How Many Watts Does a Portable AC Use (Power Explained)

Are you thinking about buying a portable air conditioner, but you’re not quite sure if it’s worth the money yet? Before you buy your portable AC unit, you probably want to know how much it’s going to cost you each month.

When you estimate potential energy costs, it’s very useful to know how many watts your particular air conditioning unit will use. This will make it much easier to manage your electricity bills effectively.

The guide below will tell you everything you need to know to make a well-informed buying decision on a new portable air conditioner.

How To Calculate The Number Of Watts Your AC Used?

Portable AC Watt Usage

Fortunately, a very simple calculation can be used to compute watt usage for your portable AC unit. We need to know the number of amperes (amps) and the number of volts for the device. The ampere, or amps, is the amount of electricity your AC unit used. The voltage measures the force or pressure of the electricity. So, watt=amp X volt. You may see this formula written as W=A X V.

Let’s take a look at this formula in action. Let’s say that the current is 3 amps, and the voltage is 100V. Just multiply 3 by 110. That equals 330W (watts). That formula would be written as P=3A X 110V = 330 W. P stands for power.

The higher the energy-efficiency EER rating, the more energy-efficient the unit is. If your unit doesn’t have enough BTUs, it will never cool your room, and the AC unit will run incessantly.

When you can lower your watts, you will improve energy efficiency and save money.

5000 BTU417-625 W
6000 BTU500 – 750 W
8000 BTU667-1000 W
10000 BTU833 – 1250 W
12000 BTU1000 – 1500 W
15000 BTU1250 – 1875 W

The table above shows that a 12,000 BTU air conditioner can use 1500W (8 EER rating) or 1000W (12 EER rating). That means having a high energy-efficiency air conditioner with a high EER rating pays off.

Calculating Running Costs Of A Portable AC By Wattage

To calculate the running cost of a portable AC by wattage, you have to convert BTUs to kilowatt-hours. With a measurement equal to one kilowatt of power consumption per hour, you will see that a 7,500-BTU PAC consumes around 2.2 kWh, a 10,000-BTU unit 2.9 kWh, and a 14,000-BTU unit around 4.1 kWh.

In 2014, the US Energy Information Administration Estimated that one kilowatt-hour of energy cost right around 16 cents in California. Using that estimate, running a small portable air conditioner for eight hours each day would cost $2.84. Running a medium portable air conditioner for eight hours would cost $3.75, and running a large portable AC unit would cost around $5.31.

Over the course of a month, these numbers would be $85.20, $112.50, and $159.30, respectively.

But BTU ratings and hours of use aren’t the only factors affecting your operating cost; your location plays an important role as well. For example, electricity costs 21.75 cents per kWh in New York, 9.78 cents in Tennessee, and 12.74 cents in DC. The national average is right around 11.88 cents.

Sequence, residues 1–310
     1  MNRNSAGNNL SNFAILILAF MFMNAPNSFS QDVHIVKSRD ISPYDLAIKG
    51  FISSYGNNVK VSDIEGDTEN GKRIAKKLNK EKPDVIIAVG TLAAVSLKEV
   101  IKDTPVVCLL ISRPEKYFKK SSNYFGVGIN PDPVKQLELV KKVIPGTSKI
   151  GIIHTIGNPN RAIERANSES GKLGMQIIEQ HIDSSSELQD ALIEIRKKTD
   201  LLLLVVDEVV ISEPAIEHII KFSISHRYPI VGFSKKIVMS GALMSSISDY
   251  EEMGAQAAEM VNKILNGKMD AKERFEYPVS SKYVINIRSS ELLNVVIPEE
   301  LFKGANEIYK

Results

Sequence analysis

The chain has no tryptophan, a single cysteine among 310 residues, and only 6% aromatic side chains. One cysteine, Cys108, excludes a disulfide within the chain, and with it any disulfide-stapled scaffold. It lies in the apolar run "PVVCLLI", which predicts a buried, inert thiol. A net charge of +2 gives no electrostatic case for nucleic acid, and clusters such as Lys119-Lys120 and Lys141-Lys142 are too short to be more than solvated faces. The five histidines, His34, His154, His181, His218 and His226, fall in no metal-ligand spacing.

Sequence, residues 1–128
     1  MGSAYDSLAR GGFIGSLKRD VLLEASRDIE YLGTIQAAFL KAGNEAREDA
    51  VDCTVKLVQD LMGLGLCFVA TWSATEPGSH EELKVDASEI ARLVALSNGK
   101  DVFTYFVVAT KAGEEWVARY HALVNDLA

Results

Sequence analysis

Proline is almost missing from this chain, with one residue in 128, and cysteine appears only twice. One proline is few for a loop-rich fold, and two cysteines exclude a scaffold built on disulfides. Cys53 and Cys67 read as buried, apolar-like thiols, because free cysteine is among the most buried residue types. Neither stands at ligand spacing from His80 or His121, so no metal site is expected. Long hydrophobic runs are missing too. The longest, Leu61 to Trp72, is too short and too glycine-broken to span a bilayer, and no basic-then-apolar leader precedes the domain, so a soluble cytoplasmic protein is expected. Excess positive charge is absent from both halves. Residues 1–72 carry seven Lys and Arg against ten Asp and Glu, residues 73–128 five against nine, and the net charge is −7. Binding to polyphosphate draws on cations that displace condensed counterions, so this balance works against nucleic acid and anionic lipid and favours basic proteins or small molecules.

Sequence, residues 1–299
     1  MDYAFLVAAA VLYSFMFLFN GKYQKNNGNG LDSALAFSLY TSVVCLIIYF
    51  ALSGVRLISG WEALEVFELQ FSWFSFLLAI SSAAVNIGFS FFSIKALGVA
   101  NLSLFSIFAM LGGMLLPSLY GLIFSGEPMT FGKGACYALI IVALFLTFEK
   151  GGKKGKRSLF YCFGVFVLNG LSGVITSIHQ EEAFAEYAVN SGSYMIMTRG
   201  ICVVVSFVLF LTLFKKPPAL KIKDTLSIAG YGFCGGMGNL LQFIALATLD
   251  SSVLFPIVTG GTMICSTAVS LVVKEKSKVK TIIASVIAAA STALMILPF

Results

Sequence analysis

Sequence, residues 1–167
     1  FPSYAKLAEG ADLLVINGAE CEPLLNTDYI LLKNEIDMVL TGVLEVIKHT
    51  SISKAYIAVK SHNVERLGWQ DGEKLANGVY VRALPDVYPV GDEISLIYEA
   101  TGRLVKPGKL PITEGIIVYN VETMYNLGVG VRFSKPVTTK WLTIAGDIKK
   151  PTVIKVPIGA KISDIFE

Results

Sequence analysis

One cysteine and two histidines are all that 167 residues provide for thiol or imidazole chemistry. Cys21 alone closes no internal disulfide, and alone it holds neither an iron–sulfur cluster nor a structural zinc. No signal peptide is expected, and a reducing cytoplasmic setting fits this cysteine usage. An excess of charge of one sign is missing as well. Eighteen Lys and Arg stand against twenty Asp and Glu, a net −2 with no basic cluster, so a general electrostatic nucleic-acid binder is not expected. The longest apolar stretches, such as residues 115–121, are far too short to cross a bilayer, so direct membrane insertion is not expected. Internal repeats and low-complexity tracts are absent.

How to Find Wattage in an AC Unit?

Check the specification sheet for Watts

You can check your specification sheet for watts. You’ll find the power, or wattage (as watts), in the same sections as the amperage (as amperes) and voltage (as volts).

Check the specification sheet for Amperes and Volts

While you are there, you can check your specification sheer for amperes and volts. That should be in the same section as the watts. The power can be calculated by simply multiplying the number of amperes by the number of volts. For example, it could be 10A X 120V = 1,200W.

Use BTU and EER rating

You can also use the BTU and EER ratings to calculate how much power your portable air conditioner uses. Simply divide the BTU by EER rating. For example, it could be 5,000 BTU / 10 EER = 500W.

When estimating how many watts of energy different air conditioners use, a good rule of thumb is to take the BTU number and divide it by 10. That’s how you can easily calculate that 5,000 BTU AC units use 500W of energy.

Small Portable AC

What Affects Your AC Energy Use Each Day?

Several things can influence the cost to operate your portable air conditioner each month. Some of these things you can control, but others are completely out of our control.

Outdoor Climate

On those sweltering summer days, it can be next to impossible to get your room to the temperature you have your portable air conditioning unit set on. Your air conditioner has to compete against the hot air coming into your home, and that’s not a fight it will always win.

When this happens, your AC will continuously run on full blast, increasing your cost to run the unit. If you live in a hot climate, be prepared to pay more to operate your portable AC.